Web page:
I had been wanting to see Machu Picchu for a long time, and figured that it was finally time to go! Seeing Machu Picchu in person is just as amazing, if not more so than seeing the pictures on the internet - you definitely won't be let down! This village in the mountains was created for a select few - aristocrats, scholars, etc. Lllamas and alpacas inhabit the beautifully lush, green scenery, and the complex contains intricately built stone structures. This civilization was far advanced for its time - even an irrigation system was built! I won't bombard you with the entire history of Machu Picchu because you can find that information online and on the tour; just know that it's one of the most amazing places on Earth and you must visit at least once in your lifetime!
So how do you get to Machu Picchu? If you didn't already reserve a spot on The Inca Trail hike (usually a 4-day hike, with prices ranging from $200 to $800 USD) or a similar route, you can take a pricey train From Cusco to Machu Picchu and back, the Hiram Bingham (name of the American explorer credited with discovering Machu Picchu) being the most expensive of the trains. The cheaper alternative is to go with the "car" option, which is actually a van which takes a bunch of people from Cusco to a place called Hydroelectrica. From Hydroelectrica, it's a 2-3-hour walk (depending on how quickly you walk and how many pictures you stop to take) alongside train tracks to a town called Aguas Calientes. You spend the night in Aguas Calientes and head to Machu Picchu in the morning. I would recommend arranging the tour in Cusco - the prices range from about $85 - $105 USD. Make sure you get a tour that will include your meals as some tours offer this service and others don't. All of the tours should include the transportation to and from Hydroelectrica, your entrance ticket to Machu Picchu, and a professional guide for the first 2-3 hours of your experience (the rest of the day is yours to do as you please). It's also important to know that you have to get up much earlier if you plan on walking from Aguas Calientes to Machu Picchu. If you choose not to walk, you can take the bus from Aguas Calientes to Machu Picchu (and/or back), which is $12 USD each way.
I also visited Lima but didn't spend much time there. I went on to Iquitos, which is a great jump-off point to the Amazon River and Rainforest, and wow!!! The Amazon was an incredible opportunity - I got to see tons of beautifully-colored birds, butterflies, plants and fruits, huge centipedes and other insects, and much much more! Here are the details of what my unforgettable Amazon adventure entailed:
Day 1 - We visited an island called Monkey Island where many endangered animals/reptiles are - I held a sloth and a huge snake, saw exotic birds and monkeys, and went piranha fishing. I caught two different species of catfish, (one with 4 huge whiskers), one of my group mates almost caught one black-bellied piranha, and another almost caught a red-bellied piranha - we let all of the fish go after catching them. We took a night walk and observed many interesting species including a stick bug, a very large centipede, a large green frog, and a rainbow boa constrictor. We slept in a lodge on the Amazon River that night.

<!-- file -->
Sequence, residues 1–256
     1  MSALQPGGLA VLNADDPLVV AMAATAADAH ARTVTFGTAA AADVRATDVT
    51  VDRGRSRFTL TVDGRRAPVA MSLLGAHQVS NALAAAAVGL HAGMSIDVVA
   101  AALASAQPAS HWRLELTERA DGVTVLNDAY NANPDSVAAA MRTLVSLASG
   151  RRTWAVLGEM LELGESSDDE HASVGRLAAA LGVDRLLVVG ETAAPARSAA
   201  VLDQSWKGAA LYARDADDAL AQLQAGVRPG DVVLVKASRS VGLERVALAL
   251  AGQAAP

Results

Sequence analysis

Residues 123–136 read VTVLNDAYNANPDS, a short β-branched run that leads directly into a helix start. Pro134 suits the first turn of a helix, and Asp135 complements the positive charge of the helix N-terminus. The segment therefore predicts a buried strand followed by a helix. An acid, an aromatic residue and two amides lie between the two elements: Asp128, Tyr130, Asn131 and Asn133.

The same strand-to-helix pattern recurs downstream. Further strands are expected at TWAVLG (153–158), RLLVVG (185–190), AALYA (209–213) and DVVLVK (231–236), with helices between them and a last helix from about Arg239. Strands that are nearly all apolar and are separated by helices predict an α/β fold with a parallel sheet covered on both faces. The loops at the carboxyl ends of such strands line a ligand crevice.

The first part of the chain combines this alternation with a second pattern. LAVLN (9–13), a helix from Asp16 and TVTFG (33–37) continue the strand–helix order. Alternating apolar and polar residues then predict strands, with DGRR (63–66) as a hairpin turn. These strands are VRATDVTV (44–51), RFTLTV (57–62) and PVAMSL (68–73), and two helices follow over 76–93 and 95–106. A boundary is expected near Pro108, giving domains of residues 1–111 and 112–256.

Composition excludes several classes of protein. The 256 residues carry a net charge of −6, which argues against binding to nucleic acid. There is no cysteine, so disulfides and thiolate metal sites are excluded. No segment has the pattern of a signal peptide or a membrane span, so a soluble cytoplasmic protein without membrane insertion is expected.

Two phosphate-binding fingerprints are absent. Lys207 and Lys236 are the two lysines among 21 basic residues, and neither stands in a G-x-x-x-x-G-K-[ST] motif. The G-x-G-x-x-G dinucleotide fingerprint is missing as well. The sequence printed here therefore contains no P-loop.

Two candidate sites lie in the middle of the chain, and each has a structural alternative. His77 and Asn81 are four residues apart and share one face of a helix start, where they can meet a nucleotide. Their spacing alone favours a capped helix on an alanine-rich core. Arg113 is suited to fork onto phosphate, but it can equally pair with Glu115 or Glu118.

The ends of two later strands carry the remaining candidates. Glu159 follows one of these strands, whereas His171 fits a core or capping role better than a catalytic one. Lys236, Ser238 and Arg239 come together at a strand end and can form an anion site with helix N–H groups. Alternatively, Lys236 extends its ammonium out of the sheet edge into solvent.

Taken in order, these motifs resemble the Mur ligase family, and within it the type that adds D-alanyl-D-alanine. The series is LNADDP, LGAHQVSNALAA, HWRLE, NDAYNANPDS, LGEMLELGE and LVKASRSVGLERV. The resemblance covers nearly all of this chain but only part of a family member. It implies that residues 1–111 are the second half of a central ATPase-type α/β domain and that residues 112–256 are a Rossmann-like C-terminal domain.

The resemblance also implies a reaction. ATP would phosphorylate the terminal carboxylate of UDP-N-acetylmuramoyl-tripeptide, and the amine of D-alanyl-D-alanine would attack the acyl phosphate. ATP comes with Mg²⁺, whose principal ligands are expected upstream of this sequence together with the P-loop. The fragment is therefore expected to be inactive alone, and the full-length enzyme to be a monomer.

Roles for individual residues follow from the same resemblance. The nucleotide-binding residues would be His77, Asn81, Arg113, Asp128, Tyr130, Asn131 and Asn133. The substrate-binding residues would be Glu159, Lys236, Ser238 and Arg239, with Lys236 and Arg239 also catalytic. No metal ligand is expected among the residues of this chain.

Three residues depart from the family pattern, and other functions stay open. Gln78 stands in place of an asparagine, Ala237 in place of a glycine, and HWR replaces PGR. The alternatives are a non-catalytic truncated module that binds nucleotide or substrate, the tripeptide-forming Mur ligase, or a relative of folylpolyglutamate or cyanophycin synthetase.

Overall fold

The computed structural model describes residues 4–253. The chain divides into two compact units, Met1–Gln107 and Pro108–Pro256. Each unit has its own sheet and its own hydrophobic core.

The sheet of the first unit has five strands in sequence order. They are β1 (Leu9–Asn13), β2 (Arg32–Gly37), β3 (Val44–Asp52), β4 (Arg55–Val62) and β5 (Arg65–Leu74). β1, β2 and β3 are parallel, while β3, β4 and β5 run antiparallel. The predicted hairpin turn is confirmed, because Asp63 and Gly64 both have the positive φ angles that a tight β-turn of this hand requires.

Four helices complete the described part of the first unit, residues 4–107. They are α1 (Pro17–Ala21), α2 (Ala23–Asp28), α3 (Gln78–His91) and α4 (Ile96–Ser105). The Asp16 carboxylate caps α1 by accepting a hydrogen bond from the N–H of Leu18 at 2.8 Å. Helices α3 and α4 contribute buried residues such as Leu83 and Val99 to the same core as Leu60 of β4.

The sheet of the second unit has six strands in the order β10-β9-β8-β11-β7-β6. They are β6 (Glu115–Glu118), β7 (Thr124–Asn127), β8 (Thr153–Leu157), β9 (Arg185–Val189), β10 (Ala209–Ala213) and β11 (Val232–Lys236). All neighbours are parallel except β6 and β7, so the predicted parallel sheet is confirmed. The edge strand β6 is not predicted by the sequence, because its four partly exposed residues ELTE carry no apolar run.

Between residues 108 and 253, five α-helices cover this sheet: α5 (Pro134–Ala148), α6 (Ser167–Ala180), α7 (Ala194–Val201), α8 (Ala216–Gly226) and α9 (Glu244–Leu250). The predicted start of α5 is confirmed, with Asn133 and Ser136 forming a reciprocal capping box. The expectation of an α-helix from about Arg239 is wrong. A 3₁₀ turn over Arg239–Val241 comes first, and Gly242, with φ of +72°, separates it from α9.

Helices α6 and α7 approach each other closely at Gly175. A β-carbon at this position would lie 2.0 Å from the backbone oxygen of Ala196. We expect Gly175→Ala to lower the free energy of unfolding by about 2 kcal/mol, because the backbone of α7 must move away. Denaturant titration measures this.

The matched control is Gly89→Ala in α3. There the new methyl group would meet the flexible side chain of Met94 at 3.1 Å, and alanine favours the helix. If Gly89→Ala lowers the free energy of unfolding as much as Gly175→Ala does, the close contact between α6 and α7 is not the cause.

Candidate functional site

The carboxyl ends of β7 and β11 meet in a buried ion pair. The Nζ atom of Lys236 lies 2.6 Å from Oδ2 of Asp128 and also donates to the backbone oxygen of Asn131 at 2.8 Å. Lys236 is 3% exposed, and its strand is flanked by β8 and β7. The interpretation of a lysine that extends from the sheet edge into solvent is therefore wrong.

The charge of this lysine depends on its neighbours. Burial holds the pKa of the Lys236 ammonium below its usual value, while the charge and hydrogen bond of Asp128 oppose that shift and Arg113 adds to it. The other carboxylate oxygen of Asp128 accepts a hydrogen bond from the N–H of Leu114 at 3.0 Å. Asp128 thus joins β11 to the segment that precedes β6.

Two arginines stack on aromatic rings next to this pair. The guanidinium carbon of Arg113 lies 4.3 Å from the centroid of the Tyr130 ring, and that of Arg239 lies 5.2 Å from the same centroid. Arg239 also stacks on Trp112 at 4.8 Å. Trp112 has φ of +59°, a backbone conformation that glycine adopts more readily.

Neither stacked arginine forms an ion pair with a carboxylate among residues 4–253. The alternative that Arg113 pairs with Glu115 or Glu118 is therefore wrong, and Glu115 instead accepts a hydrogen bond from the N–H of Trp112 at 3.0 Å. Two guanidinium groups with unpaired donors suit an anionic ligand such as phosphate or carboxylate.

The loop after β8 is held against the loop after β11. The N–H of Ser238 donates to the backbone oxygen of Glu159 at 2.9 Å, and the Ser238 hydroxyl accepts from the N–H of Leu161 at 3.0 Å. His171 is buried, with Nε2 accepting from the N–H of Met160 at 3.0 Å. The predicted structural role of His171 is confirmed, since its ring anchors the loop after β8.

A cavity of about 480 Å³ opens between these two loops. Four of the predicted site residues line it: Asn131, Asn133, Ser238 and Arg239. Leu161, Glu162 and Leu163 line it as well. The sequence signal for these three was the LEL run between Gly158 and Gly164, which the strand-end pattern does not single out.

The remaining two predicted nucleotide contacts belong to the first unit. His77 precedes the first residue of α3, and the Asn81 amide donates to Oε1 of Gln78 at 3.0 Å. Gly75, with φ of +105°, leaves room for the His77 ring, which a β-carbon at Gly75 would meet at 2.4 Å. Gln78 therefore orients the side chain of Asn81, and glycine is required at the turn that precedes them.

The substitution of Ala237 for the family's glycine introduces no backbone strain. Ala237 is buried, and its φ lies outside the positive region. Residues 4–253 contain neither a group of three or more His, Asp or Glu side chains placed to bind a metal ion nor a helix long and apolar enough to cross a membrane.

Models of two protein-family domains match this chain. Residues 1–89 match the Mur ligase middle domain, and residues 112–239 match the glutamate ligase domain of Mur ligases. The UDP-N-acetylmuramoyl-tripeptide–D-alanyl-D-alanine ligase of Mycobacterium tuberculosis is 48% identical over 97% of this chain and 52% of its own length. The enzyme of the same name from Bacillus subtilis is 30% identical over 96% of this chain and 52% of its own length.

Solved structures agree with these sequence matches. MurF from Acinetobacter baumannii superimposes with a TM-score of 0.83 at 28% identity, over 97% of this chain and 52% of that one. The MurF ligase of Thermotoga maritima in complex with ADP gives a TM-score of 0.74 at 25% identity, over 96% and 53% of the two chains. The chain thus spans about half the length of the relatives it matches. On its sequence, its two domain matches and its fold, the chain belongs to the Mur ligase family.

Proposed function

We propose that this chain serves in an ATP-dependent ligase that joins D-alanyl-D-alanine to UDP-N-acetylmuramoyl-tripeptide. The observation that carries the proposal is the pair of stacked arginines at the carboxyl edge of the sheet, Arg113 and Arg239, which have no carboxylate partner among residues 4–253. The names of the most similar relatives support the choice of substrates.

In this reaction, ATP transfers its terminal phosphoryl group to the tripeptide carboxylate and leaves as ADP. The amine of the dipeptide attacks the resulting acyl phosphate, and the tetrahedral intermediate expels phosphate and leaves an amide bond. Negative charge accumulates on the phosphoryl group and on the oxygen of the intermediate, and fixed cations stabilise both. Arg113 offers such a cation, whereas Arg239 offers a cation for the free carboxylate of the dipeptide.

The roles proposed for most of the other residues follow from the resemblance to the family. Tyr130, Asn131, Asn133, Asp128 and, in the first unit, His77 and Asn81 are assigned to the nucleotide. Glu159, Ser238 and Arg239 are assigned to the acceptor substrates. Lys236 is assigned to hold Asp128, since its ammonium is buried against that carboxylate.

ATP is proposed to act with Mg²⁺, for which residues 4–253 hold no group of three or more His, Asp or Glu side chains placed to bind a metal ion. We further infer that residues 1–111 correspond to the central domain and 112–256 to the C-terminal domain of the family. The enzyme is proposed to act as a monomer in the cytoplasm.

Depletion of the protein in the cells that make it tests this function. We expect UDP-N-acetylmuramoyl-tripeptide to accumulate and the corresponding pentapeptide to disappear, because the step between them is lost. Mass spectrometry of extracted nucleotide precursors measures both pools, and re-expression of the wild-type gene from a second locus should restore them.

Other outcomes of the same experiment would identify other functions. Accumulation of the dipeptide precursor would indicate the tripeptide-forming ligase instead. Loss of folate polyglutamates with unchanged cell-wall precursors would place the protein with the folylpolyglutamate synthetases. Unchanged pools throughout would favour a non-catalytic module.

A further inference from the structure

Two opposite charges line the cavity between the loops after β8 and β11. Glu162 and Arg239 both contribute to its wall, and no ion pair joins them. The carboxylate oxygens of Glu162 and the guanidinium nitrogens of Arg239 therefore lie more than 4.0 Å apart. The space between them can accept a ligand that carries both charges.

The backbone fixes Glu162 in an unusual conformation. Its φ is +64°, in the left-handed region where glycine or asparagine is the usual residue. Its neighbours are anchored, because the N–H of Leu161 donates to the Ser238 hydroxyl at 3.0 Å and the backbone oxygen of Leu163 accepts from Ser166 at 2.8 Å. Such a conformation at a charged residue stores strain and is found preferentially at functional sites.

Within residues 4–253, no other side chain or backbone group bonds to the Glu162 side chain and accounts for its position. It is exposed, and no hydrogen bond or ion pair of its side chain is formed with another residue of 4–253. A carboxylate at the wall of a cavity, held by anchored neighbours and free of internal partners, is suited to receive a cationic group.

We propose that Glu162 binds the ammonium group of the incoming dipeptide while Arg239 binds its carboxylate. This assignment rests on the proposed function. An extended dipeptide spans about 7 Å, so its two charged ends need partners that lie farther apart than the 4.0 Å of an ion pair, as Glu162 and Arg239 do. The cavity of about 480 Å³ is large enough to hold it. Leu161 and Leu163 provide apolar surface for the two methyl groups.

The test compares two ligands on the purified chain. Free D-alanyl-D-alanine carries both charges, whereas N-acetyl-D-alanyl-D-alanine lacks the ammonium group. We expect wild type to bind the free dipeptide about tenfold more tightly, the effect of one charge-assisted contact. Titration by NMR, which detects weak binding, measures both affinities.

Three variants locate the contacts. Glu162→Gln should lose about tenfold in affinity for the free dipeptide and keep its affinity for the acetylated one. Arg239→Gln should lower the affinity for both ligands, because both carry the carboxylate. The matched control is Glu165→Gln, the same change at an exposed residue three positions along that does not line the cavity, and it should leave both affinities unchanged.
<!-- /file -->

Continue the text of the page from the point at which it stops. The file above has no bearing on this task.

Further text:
Day 2 - We visited a tribe and participated in a ritual welcome dance. I learned that piranha teeth are used to sharpen the darts which they use to hunt. This tribe then coats the tips of the darts with venom extracted from poison dart frogs, which is kept in a small pouch. Later that day, we visited a village which produces drinks from nature and plants, learned about some natural (aphrodisiac) drinks, and took a tour of a local village with Julio (our local guide). Dinner that night was served on enormous banana leaves. We saw huge trees, observed the jungle from a lookout point, rafted through the waterways at night and spotted a few caiman by the reflection of their eyes at night (they glow red) but we didn't get close enough to catch get a good glimpse. I found a black and grey parrot snake coiled around a tree and ready to attack, apparently an extremely venomous snake. It was visible at night due to the reflection which its eyes gave off. We slept that night in a camping area in the jungle enclosed by a mosquito net, and each individual mattress was also surrounded by mosquito nets for extra protection.
Day 3 - We ate breakfast and lunch with locals, walked through the jungle (in water up to our waistlines at times) looking for medicinal plants and learning about the ways people communicate in the jungle/notify others of their location, especially if lost - they do this by slamming a heavy stick against a large tree, creating a loud, bellowing sound which echoes through the forest. Along this walk we found very large ants called bullet ants and learned that they can be quite dangerous if provoked. We found fruits used by tribes to paint their faces, learned that sap from certain trees is used to alleviate stomach problems, and learned that leaves from certain trees are used to create a gel and alleviate itchiness caused by mosquito bites. We even survived a storm on the river in our small boat upon our return to Iquitos, Peru!